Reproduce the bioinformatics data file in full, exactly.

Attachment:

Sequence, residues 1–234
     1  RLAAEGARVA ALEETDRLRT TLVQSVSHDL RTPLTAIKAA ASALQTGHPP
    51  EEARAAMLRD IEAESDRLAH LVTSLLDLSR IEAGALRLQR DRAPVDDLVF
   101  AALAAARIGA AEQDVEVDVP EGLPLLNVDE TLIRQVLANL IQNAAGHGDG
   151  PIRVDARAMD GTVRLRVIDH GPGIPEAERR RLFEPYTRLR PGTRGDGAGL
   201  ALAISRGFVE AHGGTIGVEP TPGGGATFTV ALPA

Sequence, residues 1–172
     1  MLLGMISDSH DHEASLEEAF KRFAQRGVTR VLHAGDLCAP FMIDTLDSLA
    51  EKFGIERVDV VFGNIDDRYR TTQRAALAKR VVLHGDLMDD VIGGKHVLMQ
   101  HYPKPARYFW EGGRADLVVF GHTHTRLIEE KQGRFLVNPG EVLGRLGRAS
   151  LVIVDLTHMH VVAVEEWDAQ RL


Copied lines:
Sequence, residues 1–234
     1  RLAAEGARVA ALEETDRLRT TLVQSVSHDL RTPLTAIKAA ASALQTGHPP
    51  EEARAAMLRD IEAESDRLAH LVTSLLDLSR IEAGALRLQR DRAPVDDLVF
   101  AALAAARIGA AEQDVEVDVP EGLPLLNVDE TLIRQVLANL IQNAAGHGDG
   151  PIRVDARAMD GTVRLRVIDH GPGIPEAERR RLFEPYTRLR PGTRGDGAGL
   201  ALAISRGFVE AHGGTIGVEP TPGGGATFTV ALPA

Sequence, residues 1–172
     1  MLLGMISDSH DHEASLEEAF KRFAQRGVTR VLHAGDLCAP FMIDTLDSLA
    51  EKFGIERVDV VFGNIDDRYR TTQRAALAKR VVLHGDLMDD VIGGKHVLMQ
   101  HYPKPARYFW EGGRADLVVF GHTHTRLIEE KQGRFLVNPG EVLGRLGRAS
   151  LVIVDLTHMH VVAVEEWDAQ RL